Osteoporosis - Are you at risk?

 Osteoporosis - Are you at risk?

Osteoporosis risk

What is Osteoporosis?

From birth onward, your bones are constantly renewing themselves. Slowly but steadily, old bone is removed and new bone is formed. With advancing age, particularly after menopause, old bone continues to be removed, but new bone formation starts to lag behind. This results in a gradual and steady decrease in the amount of bone material. This decrease may lead to the condition called osteoporosis, or "porous bones. " As bone density decreases, the bones become weaker and more likely to break (fracture). Both men and women experience progressive decrease in bone density as they age, however, it will occur more quickly and more severely in some people than others.

Who Will Get Osteoporosis?

The risk of osteoporosis is greater in:

Women after menopause

Caucasian and Asian women, though African American women are also at risk

Women with a family history of osteoporosis

Women with small bone frames, thin women

Women and men with certain uncommon medical conditions (such as hyperparathyroidism) or use of certain medications such as cortisone, heparin, seizure medicines, and some cancer treatments.

How Can I Tell if I Have Osteoporosis?

There are tests that can measure bone strength and the risk of fracture. One test measures your Bone Mineral Density (BMD). Another test measures other structural features of bone. You should discuss with your doctor whether these tests would be helpful for you.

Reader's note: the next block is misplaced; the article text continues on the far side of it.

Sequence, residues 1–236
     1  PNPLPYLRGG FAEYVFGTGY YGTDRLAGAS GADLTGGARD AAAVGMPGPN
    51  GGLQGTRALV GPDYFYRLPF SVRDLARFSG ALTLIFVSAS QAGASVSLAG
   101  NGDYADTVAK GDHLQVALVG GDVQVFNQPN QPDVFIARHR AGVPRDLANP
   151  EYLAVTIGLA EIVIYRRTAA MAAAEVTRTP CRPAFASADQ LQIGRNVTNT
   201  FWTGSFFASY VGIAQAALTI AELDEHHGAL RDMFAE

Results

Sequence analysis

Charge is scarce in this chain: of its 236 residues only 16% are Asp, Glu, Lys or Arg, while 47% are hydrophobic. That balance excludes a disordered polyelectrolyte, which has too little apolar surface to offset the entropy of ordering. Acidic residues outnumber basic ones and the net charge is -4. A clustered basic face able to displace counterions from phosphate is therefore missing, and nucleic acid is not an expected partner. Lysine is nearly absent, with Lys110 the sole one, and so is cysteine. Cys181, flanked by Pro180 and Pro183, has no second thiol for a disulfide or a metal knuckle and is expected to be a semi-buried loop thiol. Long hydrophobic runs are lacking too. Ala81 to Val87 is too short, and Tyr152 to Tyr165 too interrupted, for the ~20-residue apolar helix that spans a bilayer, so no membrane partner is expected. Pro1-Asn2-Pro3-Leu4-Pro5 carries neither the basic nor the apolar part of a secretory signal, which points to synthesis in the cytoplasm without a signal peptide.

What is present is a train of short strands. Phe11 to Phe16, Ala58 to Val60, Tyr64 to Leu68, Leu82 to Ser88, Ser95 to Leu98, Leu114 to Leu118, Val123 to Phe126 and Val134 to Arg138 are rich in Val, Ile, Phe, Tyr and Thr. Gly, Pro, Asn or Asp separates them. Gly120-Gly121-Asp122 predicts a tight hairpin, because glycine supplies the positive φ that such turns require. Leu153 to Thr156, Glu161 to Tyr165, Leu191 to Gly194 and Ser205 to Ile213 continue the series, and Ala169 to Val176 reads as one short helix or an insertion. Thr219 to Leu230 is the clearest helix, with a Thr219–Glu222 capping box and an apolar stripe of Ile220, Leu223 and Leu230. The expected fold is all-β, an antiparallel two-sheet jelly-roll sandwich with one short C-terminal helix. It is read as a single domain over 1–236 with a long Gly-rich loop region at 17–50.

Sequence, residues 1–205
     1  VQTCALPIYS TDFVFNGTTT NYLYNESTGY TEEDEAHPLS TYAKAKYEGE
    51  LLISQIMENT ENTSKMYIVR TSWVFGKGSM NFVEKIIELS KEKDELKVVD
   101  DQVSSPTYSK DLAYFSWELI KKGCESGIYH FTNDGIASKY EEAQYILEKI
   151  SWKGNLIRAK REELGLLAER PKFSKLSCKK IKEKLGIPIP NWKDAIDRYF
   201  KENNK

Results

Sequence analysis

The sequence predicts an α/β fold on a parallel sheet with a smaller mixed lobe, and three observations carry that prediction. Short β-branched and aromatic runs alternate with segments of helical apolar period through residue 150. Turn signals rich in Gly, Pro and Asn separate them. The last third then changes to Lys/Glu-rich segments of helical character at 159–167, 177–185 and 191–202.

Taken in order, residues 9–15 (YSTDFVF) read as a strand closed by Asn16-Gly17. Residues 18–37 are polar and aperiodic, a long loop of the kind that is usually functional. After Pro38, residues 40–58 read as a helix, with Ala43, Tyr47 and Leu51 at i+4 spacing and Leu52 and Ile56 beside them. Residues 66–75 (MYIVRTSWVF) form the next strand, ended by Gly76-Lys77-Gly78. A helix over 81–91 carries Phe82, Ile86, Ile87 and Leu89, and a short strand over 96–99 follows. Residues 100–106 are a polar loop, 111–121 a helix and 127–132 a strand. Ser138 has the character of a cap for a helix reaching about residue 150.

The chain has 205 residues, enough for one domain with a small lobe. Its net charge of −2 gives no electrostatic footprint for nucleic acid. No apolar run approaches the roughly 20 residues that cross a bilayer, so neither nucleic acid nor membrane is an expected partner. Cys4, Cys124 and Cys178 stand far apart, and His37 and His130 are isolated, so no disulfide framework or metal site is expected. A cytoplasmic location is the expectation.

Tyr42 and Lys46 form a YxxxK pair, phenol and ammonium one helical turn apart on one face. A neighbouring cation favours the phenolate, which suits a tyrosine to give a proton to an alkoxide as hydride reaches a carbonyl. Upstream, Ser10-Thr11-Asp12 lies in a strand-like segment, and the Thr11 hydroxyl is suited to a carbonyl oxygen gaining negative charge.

Description of Testing for Bone strength

There are two main types of tests measuring bone strength:


DEXA (Dual Energy X-ray Absorptiometry)

Uses radiation to determine bone density.

The spine and hip are most commonly measured, but the heel, wrist or total body may also be measured.

The procedure takes up to twenty minutes, and results in about as much radiation exposure as a standard X-ray (if the spine or hip is measured) or less (if the heel or wrist is measured).

Sound Waves

Uses sound waves to measure bone structure, so there is no radiation exposure.

Measurements are made in the heel or in the shin.

The procedure can be completed quickly, generally in less than ten minutes.

The results of these tests will vary, depending on the machine used and what part of the body studied. Therefore, if your doctor recommends a follow-up test in the future, make sure that the same type of machine is used to test the same part of your body, so that results may be compared accurately and any changes in your bone noted.

Strategies For Bone Health

Regardless of the results of a bone measurement test, all individuals should consider the following measures:


- increase calcium intake from an early age to increase maximum bone density. Foods that are rich in calcium are dairy products, dark green leafy vegetables, tofu and almonds. Dietary supplements are also helpful, and may be necessary for some people to assure adequate intake. The National Academy of Sciences recommends that an "Adequate Intake" of calcium is 1,000 mg/day for individuals under age 50, and 1,200 mg/day in those over 50 years. Vitamin D is also important for calcium absorption and bone health. The recommended daily amount is 400 - 800 IU.


- particularly weight bearing activities such as walking and jogging.

Life style

- stop smoking, limit alcohol use.


Women with decreased estrogen levels, as a result of either surgical or natural menopause, should, in consultation with their physician, discuss the risks and benefits associated with other medical therapies in addition to the steps recommended above. The risks/benefits of each of these therapies are not easily delineated and depend on an individual's current condition and medical history.